Foreclosure, Shadow Inventories Show Impressive Declines


Foreclosure and shadow inventory rates have shown impressive strides in the past year: U.S. foreclosure inventory is down a whopping 35% nationally, and the value of shadow inventory has dropped by $70 billion, according to CoreLogic's National Foreclosure Report for February, also featuring shadow inventory data as of January.

According to the CoreLogic analysis, there were 43,000 completed foreclosures in the U.S. in February, down from 51,000 in February 2013 – a year-over-year decrease of 15%. On a month-over-month basis, completed foreclosures decreased 13.1% in February from 50,000 in January.

National residential shadow inventory was 1.7 million homes as of January, compared to 2.2 million in January 2013 – a year-over-year decrease of 23%.

CoreLogic notes that completed foreclosures are an indication of the total number of homes actually lost to foreclosure. Since the financial crisis began in September 2008, there have been approximately 4.9 million completed foreclosures across the country, the company reports.

As of February, approximately 752,000 homes in the country were in some stage of foreclosure, known as the foreclosure inventory, compared to 1.2 million in February 2013 – a year-over-year decrease of 35%. Month over month, the foreclosure inventory was down 3.3% from January. The foreclosure inventory as of February represented 1.9% of all homes with a mortgage, compared to 2.9% in February 2013.

At the end of February, there were 1.9 million mortgages, or 4.9%, in serious delinquency, defined as 90 days or more past due, including those loans in foreclosure or real estate owned (REO).

"Although there is good news that completed foreclosures are trending lower, the bigger news is the impressive decline in the foreclosure and shadow inventories," says Dr. Mark Fleming, chief economist for CoreLogic. "Every state has had double-digit, year-over-year declines in foreclosure inventory, which is reflected in the $70 billion decline in the shadow inventory."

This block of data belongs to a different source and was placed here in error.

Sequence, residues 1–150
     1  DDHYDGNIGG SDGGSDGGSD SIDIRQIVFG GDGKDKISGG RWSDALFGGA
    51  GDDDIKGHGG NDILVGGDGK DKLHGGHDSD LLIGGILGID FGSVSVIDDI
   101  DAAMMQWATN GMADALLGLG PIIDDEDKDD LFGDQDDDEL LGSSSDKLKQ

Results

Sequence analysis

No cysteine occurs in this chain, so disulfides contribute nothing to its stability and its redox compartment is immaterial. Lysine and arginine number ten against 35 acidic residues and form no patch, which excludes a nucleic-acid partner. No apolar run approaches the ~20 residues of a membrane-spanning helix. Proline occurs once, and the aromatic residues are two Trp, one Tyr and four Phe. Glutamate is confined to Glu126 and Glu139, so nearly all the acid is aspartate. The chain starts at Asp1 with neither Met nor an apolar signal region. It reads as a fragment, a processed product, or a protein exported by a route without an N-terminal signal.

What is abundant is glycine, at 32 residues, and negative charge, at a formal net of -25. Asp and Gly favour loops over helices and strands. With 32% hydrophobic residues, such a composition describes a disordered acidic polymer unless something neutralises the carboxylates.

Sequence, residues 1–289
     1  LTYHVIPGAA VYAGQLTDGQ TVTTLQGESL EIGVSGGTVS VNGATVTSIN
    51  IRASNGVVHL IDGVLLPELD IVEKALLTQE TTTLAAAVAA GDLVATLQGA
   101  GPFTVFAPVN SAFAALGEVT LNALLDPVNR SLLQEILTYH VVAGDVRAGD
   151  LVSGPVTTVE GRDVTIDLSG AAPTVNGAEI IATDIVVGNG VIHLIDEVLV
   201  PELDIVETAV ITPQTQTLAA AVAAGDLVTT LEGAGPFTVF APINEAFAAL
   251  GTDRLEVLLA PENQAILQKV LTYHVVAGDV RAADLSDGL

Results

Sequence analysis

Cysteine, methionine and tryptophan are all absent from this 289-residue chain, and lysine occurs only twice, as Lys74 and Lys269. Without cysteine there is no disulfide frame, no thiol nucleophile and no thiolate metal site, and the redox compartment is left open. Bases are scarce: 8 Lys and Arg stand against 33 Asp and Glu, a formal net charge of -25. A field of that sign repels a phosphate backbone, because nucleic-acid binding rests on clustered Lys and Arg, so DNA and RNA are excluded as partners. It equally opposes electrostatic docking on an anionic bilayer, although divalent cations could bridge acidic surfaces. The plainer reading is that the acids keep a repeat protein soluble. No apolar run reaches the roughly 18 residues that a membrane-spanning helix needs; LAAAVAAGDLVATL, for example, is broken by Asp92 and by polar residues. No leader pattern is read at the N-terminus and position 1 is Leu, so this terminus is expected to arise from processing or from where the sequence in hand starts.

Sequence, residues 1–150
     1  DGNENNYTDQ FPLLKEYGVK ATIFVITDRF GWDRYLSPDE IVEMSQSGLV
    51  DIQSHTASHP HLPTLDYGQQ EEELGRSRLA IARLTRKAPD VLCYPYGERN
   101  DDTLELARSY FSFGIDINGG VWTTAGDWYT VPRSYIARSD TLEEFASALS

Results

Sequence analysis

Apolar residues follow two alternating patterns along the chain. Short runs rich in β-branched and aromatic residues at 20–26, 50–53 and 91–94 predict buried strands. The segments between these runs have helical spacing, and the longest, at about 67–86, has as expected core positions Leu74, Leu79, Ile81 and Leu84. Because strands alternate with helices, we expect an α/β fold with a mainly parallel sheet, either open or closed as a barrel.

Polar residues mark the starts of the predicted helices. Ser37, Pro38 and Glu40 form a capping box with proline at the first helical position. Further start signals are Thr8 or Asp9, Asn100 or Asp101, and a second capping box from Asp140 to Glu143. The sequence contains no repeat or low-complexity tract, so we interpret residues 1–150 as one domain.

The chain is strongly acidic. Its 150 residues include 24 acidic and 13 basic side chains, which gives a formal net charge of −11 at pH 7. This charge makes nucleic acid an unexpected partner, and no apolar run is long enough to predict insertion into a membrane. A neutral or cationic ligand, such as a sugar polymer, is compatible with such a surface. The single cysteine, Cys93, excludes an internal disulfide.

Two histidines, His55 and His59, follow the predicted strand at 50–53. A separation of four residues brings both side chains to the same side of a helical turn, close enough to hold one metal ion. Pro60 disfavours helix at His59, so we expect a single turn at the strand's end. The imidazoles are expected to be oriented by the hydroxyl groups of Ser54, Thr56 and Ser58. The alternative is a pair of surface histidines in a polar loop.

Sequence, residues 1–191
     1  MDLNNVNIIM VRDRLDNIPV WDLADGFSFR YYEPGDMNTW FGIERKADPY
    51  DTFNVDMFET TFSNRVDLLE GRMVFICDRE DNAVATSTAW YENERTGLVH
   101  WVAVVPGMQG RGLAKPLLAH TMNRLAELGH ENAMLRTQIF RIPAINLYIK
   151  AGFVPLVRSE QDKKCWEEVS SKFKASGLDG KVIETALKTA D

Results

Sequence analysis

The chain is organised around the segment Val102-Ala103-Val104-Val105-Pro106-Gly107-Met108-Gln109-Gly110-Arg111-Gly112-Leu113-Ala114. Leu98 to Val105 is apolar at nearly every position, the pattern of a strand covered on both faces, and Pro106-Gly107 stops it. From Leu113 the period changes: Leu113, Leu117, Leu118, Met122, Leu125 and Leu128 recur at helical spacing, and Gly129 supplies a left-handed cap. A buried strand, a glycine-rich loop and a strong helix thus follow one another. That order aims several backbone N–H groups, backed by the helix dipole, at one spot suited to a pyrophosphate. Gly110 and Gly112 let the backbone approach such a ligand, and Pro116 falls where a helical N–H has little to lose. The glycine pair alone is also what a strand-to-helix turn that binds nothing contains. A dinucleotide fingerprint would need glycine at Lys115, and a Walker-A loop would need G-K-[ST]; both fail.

"The stock of seriously delinquent homes and the foreclosure rate are back to levels last seen in the final quarter of 2008," adds Anand Nallathambi, president and CEO of CoreLogic. "The shadow inventory has also declined year over year for the past three years as the housing market continues to heal, including double-digit declines for the past 16 consecutive months."

The five states with the highest number of completed foreclosures for the 12 months ending February were Florida (118,000), Michigan (50,000), Texas (39,000), California (37,000) and Georgia (34,000). These five states accounted for almost half of all completed foreclosures nationally.

Four states and the District of Columbia experienced the lowest number of completed foreclosures for the 12 months ending February: The District of Columbia (60), North Dakota (421), Hawaii (519), West Virginia (571) and Wyoming (705).

The five states with the highest foreclosure inventory as a percentage of all mortgaged homes as of February were New Jersey (6.2%), Florida (6.0%), New York (4.7%), Maine (3.4%) and Connecticut (3.2%).

The five states with the lowest foreclosure inventory as a percentage of all mortgaged homes as of February were Wyoming (0.3%), Alaska (0.4%), North Dakota (0.5%), Nebraska (0.5%) and Colorado (0.6%).

Shadow Inventory
The value of shadow inventory was $254 billion as of January, down from $324 billion a year before and down from $289 billion six months before.

As of January, year-over-year inventory of seriously delinquent homes decreased in all states by double digits. Twenty-four states experienced year-over-year declines in serious delinquency by at least 20%.

The shadow inventory is down 22% compared to January 2013. Over the 12 months ending January, shadow inventory has been decreasing at an average monthly rate of 41,000 units.

As of January, Florida, California, New York, New Jersey and Illinois carried 42% of all distressed properties in the country. Florida continues to account for 15% of the nation's distressed properties.

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